Dr. Forde had.
“Race,” his great-grandmother had taught him, “is something you run — and win.”
He had blamed his skin color, though, for two humiliating memories: While attending college and moonlighting as an orderly, a surgeon summarily ordered him out of the operating room; and when, as a fourth-year medical student, he showed up to apply for an internship at St. Luke’s Hospital in Manhattan (now Mount Sinai St. Luke’s), he was told dismissively not to bother, because no black had been recruited to the house staff before.
“I learned early on that you have to know how not to accept denial of privilege, or to get caught up in confrontation or blame,” Dr. Forde said, “but find a way to get around it and overcome it.”
Kenneth Avril Forde was born on July 6, 1933, in Manhattan to Kenneth and Aileen (Greene) Forde, immigrants from Barbados.
He was sent to live with an aunt in Barbados, then a British colony, for his primary and secondary education, which included memorizing much of Shakespeare. He considered becoming an Episcopal priest, but gravitated toward medicine instead. Heeding Duncan’s demand in “Macbeth,” he said — “So well thy words become thee as thy wounds;/ They smack of honor both. Go get him surgeons” — he decided to specialize in surgery.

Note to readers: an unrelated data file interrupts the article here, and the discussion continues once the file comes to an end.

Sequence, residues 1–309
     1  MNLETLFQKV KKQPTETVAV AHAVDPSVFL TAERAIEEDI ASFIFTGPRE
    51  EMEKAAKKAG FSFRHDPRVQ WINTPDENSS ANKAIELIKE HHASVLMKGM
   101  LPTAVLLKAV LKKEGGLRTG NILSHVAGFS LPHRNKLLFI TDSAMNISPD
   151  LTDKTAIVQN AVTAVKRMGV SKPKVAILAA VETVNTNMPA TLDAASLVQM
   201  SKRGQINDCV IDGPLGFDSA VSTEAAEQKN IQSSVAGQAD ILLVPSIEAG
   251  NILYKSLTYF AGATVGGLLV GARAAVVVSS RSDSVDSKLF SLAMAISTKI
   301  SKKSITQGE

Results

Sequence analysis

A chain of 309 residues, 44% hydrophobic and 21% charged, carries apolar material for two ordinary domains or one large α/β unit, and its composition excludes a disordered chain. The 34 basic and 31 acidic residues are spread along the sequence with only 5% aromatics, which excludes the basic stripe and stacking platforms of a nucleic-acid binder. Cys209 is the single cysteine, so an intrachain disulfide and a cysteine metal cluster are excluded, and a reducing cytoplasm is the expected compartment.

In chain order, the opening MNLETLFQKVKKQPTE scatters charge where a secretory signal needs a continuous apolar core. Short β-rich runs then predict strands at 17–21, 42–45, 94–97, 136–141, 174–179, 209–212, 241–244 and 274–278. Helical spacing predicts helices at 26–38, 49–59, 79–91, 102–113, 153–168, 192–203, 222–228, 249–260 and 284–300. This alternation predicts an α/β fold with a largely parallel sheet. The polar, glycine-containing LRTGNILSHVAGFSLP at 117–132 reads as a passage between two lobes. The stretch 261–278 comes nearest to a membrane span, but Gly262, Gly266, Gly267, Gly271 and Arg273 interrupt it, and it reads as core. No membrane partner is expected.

He had hoped to attend Oxford or Cambridge in England, he said, but his parents couldn’t afford the tuition. Returning to Manhattan, he earned a bachelor of science degree from City College of New York, where he worked part-time as a teaching assistant in biology. A family friend encouraged him, as a black man, to pursue a more level career path in education rather than in medicine.
But he persevered and graduated in 1959 from the Columbia University College of Physicians and Surgeons, where he was the only black student in his class. He interned at Bellevue and Presbyterian hospitals and served as an Army surgeon in West Germany.
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